As a result of this incident, Uber has stopped all self-driving vehicle tests in San Francisco, Pittsburgh, Toronto and the greater Phoenix area. "Our hearts go out to the victim's family. We are fully cooperating with local authorities in their investigation of this incident," said Uber in a statement. CEO Dara Khosrowshahi echoed the sentiment on Twitter, saying that the authorities were trying to figure out what happened. We're thinking of the victim's family as we work with local law enforcement to understand what happened.
The companies plan to produce kits that can be installed on existing cars to enable them to operate autonomously, said Raj Kapoor, Lyft's chief strategy officer. Retrofitting cars, as opposed to building new ones, could help the company produce autonomous vehicles more quickly and inexpensively, he said. The announcement Wednesday adds to Lyft's extensive roster of self-driving-vehicle partners, which includes Ford Motor Co.; General Motors Co.; Alphabet's Waymo; nuTonomy Inc.; Tata Motors Ltd.'s Jaguar Land Rover; and Aptiv PLC, formerly Delphi. That stands in contrast to rival Uber Technologies Inc., which is primarily developing self-driving technology on its own rather than forging partnerships. Lyft's goal is to plug autonomous cars from partners into its network.
Like something out of a Transformers film, angry citizens are fighting back against what they perhaps perceive as the modern equivalent of the Decepticons: autonomous cars. According to crash reports filed with California's Department of Motor Vehicles (DMV), people are attacking driverless cars. So far in 2018, autonomous vehicles played a role in six accidents on state roads. Of those, two of the accidents involved angry humans shouting at and slapping the self-driving cars.
A version of this article appeared in the Autumn 2017 issue of strategy business. But just such a change appears to be happening now. In a great wave of technological change, sensors are spreading through factories and warehouses, software is predicting the need for maintenance before a machine breaks down, power grids and loading docks are becoming intelligent, and custom-designed parts are being produced on demand. The leaders of the next industrial revolution are companies making advances in fields such as robotics, machine learning, digital fabrication (including 3D printing), the Industrial Internet, the Internet of Things (IoT), data analytics and blockchain (a system of decentralized, automated transaction verification). Because these technologies all reinforce the others' impact, they are leading to a new level of proficiency, and to new types of opportunities and challenges for business and for society at large. One key indicator is that conventional boundaries between industries are eroding. It's getting harder to tell the difference between, say, a telecommunications company and an entertainment producer, or between a retail bank and a retail store. The relationships among suppliers, producers, and consumers are also blurring, more rapidly than many business decision makers are prepared for. The foundation of business strategy has long been the classic value chain, which links together raw materials producers, manufacturers, distributors, and (in the end) consumers through a well-established commercial infrastructure characterized by a stable set of transactions. But the rise of digital technology enables individuals to connect outside the value chain and deliver more efficient, effective products and services. This will reduce the importance of economies of scale and conventional divisions of labor.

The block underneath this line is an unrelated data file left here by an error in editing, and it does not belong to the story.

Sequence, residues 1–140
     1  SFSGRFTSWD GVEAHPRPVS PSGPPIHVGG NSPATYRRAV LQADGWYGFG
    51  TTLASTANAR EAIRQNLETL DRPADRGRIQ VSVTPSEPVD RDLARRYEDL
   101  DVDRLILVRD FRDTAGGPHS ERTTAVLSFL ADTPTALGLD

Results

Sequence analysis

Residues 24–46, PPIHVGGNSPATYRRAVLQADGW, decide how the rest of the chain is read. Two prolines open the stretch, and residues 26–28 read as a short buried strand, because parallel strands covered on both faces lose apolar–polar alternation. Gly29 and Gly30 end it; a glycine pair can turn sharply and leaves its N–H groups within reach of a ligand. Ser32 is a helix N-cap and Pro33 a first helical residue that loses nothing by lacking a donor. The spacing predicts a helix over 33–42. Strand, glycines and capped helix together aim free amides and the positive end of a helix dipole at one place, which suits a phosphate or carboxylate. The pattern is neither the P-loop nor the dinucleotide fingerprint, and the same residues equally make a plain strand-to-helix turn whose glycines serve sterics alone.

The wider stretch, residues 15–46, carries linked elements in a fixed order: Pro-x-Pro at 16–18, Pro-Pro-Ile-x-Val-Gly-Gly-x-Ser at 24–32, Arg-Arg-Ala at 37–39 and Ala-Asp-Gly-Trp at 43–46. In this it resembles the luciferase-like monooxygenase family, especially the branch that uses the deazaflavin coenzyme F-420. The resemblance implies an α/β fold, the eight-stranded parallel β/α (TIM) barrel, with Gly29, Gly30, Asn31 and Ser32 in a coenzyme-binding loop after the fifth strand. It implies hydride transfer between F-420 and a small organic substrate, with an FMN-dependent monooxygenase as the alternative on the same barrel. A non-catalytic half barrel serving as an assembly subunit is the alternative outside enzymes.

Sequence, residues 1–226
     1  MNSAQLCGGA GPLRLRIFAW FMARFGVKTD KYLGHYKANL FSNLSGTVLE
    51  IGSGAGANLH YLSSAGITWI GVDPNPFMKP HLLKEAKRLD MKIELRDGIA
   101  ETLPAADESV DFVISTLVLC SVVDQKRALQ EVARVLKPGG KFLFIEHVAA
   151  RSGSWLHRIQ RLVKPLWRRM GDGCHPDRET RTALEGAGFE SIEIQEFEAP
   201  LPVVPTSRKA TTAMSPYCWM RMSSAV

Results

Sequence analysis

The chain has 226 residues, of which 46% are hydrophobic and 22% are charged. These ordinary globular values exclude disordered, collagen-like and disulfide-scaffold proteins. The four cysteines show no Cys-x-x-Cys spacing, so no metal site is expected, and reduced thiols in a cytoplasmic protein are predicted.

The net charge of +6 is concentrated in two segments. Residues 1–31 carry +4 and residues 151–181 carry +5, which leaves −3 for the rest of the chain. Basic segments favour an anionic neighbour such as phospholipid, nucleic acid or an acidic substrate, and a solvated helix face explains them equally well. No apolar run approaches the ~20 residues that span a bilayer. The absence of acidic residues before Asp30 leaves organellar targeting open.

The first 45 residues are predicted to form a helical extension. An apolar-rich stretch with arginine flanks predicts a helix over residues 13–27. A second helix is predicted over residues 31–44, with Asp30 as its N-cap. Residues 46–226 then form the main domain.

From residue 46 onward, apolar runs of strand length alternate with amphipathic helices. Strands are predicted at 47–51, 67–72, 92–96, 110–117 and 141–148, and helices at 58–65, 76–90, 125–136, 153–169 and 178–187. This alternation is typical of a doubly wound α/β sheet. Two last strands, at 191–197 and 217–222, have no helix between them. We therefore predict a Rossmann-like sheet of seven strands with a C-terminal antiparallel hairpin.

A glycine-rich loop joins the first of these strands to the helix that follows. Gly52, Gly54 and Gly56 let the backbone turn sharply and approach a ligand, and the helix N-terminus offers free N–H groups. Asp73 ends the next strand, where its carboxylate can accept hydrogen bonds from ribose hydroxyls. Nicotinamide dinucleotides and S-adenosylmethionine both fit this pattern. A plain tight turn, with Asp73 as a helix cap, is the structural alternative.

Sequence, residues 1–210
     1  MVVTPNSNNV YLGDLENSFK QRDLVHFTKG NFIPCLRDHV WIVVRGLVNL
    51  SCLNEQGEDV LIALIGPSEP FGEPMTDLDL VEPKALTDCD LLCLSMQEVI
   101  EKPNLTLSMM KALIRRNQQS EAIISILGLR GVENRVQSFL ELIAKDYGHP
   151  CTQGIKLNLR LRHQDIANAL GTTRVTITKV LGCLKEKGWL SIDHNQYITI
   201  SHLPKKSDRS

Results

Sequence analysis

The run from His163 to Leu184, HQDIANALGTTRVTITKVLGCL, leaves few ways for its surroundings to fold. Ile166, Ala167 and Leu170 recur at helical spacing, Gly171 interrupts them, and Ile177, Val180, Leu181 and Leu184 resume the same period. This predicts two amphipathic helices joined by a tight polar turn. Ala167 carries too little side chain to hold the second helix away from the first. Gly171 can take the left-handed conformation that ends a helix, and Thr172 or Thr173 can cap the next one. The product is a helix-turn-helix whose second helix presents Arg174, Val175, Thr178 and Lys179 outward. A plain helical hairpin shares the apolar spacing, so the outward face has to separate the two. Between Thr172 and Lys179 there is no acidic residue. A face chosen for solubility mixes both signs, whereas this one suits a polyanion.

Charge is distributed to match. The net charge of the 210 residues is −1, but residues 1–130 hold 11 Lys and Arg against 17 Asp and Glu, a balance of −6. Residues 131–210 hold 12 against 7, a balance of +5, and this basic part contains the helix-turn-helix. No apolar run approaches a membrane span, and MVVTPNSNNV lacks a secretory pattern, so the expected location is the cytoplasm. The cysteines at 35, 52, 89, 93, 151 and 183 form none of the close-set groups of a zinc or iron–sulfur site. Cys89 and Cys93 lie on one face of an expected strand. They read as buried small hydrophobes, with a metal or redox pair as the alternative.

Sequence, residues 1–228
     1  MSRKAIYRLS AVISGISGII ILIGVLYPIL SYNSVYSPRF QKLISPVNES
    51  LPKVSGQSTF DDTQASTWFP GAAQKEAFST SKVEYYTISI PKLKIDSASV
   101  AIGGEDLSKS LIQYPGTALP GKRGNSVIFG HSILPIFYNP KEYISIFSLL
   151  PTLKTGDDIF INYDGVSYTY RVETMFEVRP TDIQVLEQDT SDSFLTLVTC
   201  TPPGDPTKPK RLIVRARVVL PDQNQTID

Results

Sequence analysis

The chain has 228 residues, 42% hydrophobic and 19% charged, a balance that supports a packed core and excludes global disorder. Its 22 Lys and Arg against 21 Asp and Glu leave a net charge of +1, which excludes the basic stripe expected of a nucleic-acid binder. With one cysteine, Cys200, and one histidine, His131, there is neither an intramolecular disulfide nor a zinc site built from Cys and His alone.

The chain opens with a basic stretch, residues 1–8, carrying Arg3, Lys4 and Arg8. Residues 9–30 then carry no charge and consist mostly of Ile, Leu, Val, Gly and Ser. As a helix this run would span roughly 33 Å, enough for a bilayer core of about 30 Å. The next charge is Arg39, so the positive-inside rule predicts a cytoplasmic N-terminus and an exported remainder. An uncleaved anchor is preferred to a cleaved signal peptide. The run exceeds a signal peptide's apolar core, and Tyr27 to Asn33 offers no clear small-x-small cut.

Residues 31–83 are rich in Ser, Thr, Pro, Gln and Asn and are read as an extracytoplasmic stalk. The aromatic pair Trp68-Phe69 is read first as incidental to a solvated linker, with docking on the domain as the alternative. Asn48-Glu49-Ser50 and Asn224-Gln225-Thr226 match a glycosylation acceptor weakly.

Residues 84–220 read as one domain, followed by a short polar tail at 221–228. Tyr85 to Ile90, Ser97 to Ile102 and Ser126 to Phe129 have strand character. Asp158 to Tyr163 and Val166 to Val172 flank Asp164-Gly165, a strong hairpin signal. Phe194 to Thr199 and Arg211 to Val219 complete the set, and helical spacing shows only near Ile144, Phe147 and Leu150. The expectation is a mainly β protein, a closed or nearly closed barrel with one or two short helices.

After more than a century making vehicles for humans to drive, General Motors has ripped the heart out of its latest ride, and is now holding the grisly spectacle up for all the world to see: A car with no steering wheel. And it plans to put a fleet of these newfangled things to work in a taxi-like service, somewhere in the US, next year.